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November 30, 2005


I wrote the following article for the new issue of Gay City News -- New York City's largest gay weekly -- in which it appears tomorrow:

Polish_demo_1Pro-gay demonstrations were held in cities all over Poland this past weekend to protest the banning and police repression of a gay March for Equality and Tolerance in Poznan on November 19, in which 68 of some 500 demonstrators were assaulted and arrested. Yet the major U.S. gay organizations -- unlike their European counterparts -- have remained silent on the events in Poland, just as they've largely ignored the anti-gay pogrom in Iran. (Photo above left, pro-gay demonstrators this weekend in Krakow).

Polish_demo_warsaw_1 Despite severe winter weather, thousands of demonstrators joined the weekend Torun_polish_demo demonstrations not only in Warsaw, the capital (photo above left )but in the cities of Gdansk, Elblag, Rzeszow, Lodz, Torun (photo right), Wroclaw, Krakow, and even Poznan itself. The demonstrations were called by a hastily-formed Solidarity With Poznan National Committee; initiated by the Campaign Against Homophobia (KPH), the four-year-old, all-volunteer organization which is Poland’s largest gay group. The Solidarity Committee was co-sponsored by local branches of the Polish Social Democratic Party, the Green Party, the Democratic Party, the Young Socialists, and a raft of human rights, student, and women’s organizations.

In a statement, the Solidarity Committee said that the banning and repression of the previous weekend’s demonstration in Poznan “showed that Poland is not a place where the law is fully respected.” Targeting the pro-gay demonstrators, the statement said, proved that these “citizens are deprived of their right to express their beliefs and ideas , but the authorities let fascist groups and the police attack innocent people.”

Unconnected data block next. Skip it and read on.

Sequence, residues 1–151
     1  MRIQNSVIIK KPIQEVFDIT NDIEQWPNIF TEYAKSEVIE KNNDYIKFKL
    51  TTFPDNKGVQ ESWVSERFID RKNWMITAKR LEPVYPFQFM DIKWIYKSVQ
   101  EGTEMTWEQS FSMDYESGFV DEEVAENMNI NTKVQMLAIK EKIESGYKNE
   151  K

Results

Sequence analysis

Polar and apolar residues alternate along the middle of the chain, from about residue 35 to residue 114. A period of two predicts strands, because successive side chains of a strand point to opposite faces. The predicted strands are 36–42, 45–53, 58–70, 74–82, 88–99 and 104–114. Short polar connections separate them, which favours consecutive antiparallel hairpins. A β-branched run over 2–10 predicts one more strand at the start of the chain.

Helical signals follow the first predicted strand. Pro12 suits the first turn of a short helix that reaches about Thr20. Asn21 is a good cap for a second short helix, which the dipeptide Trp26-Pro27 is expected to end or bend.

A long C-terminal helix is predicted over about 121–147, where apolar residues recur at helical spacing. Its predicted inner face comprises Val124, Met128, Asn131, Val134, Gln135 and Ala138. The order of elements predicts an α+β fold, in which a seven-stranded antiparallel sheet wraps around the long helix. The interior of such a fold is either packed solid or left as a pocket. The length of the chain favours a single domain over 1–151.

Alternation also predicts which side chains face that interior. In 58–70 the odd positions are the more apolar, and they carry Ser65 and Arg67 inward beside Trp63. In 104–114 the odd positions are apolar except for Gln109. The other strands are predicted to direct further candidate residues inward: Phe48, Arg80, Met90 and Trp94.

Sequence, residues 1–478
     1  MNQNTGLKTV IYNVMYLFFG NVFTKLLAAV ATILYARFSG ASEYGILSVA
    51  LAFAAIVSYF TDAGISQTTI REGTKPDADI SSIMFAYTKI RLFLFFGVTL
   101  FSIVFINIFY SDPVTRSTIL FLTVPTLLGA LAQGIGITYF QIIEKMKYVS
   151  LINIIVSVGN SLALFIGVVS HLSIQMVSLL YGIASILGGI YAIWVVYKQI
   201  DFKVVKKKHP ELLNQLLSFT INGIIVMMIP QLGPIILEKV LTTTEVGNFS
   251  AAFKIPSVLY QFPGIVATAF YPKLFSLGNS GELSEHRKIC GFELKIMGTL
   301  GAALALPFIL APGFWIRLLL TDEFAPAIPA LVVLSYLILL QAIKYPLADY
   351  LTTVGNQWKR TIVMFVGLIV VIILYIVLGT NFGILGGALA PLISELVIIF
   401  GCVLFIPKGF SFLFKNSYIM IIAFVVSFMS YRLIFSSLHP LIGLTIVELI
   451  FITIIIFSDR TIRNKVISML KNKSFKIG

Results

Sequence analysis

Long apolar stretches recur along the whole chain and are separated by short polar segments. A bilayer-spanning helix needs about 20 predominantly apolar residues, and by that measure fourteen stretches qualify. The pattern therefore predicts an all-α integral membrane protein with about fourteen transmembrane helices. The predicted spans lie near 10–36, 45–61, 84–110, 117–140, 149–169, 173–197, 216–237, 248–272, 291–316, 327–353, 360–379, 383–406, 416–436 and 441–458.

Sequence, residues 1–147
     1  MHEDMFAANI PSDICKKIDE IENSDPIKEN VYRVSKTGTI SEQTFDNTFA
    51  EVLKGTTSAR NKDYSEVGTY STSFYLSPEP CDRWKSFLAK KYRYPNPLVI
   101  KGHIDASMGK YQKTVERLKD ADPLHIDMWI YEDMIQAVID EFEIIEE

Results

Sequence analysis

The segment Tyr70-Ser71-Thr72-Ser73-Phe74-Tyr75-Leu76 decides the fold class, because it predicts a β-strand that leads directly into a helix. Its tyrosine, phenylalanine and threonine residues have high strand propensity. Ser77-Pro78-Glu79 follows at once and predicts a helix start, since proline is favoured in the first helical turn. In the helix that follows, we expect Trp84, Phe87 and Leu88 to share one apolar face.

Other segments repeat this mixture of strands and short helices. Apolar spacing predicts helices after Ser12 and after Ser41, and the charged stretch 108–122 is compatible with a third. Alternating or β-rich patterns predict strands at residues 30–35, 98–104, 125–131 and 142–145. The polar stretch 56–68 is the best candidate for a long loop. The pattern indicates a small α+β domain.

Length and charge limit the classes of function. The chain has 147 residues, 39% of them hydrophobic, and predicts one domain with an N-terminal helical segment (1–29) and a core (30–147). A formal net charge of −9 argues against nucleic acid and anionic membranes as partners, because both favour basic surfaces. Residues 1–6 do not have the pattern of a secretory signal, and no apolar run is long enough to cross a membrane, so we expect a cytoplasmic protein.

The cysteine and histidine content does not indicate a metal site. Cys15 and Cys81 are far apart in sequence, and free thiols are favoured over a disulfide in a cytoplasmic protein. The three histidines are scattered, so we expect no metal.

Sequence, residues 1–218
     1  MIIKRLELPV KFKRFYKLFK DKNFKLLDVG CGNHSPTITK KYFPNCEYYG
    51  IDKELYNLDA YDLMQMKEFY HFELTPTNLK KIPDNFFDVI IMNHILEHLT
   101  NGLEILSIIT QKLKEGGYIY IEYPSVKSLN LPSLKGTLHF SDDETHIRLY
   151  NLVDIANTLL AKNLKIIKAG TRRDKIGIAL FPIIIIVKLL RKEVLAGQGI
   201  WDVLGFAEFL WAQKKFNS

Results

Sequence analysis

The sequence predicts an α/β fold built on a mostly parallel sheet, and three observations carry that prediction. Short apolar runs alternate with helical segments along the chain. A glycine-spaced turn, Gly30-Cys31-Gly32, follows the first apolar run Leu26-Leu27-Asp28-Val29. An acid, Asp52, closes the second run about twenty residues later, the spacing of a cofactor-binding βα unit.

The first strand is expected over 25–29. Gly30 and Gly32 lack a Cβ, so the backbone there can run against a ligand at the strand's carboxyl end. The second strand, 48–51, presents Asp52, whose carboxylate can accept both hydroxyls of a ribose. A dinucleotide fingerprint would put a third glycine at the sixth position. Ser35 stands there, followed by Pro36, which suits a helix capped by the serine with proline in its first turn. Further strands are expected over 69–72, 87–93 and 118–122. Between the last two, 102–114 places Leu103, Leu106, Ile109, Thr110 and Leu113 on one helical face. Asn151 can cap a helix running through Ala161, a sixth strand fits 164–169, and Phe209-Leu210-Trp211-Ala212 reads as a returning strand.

In the banned Poznan demonstration, police did not intervene when members of the All All_polish_youth Polish Youth -- the attack-dog militia of the virulently anti-gay, anti-Semitic, extreme-right League of Polish Families party -- threw eggs and projectiles at the gay demonstrators while shouting “Gas the fags!” and “We’ll do to you what Hitler did to the Jews!” Instead the police arrested the gay demonstrators marching despite the ban, who were carrying lighted candles and chanting, “This is a Tomek_1 funeral for democracy.” The secretary-general of the gay group KPH, Tomasz Szypula (right) -- one of the 68 gay demonstrators arrested in Poznan -- said later, “The police treated us like they treat football hooligans.” (Photo above left, skinheads from the All Polish Youth heckle gay demonstrators this weekend in Wroclaw.)

The banning of the Poznan march was testimony to the new, aggressively homophobic climate in Poland since the new national government was elected on October 23. TheLech_kaczynski_hands_raised_3  new Polish President, Lech Kaczynski (right)-- head of the ultraconservative, pro-Catholic Law and Justice Party -- as Mayor of Warsaw had previously banned the capital’s gay pride marches two years in a row, declaring they’d be “sexually obscene” and that he was opposed to “propagating gay orientation.” Those elections also saw two extreme-right, neo-fascist, ultra-homophobic parties -- the peasant-based Self-Defense party and the League of Polish Families -- together rack up nearly a fifth of the vote. Altogether, right-wing parties got 77% of the vote in those Polish elections.

Also last week, a visit to London by Poland’s equally homophobic new Prime Minister, Kazimierz_marcinkiewicz_3 Kasimierz Marcinkiewicz (left), was met with a demonstration co-sponsored by the International Lesbian and Gay Association and the militant British gay rights group OutRage. When Marcinkiewicz arrived for a November 24 speech at Chatham House, he was forced to slink in through a side door to avoid the gay demonstrators. Marcinkiewicz is a fundamentalist Catholic who -- shortly after being named prime minister by the conservative parliamentary coalition led by President Kaczynski’s Law and Justice party -- declared homosexuality “unnatural,” adding, “The family is natural, and the state must stand guard over the family.” Marcinkiewicz went on to say that if a homosexual “tries to infect others with their homosexuality, then the state must intervene in this violation of freedom.”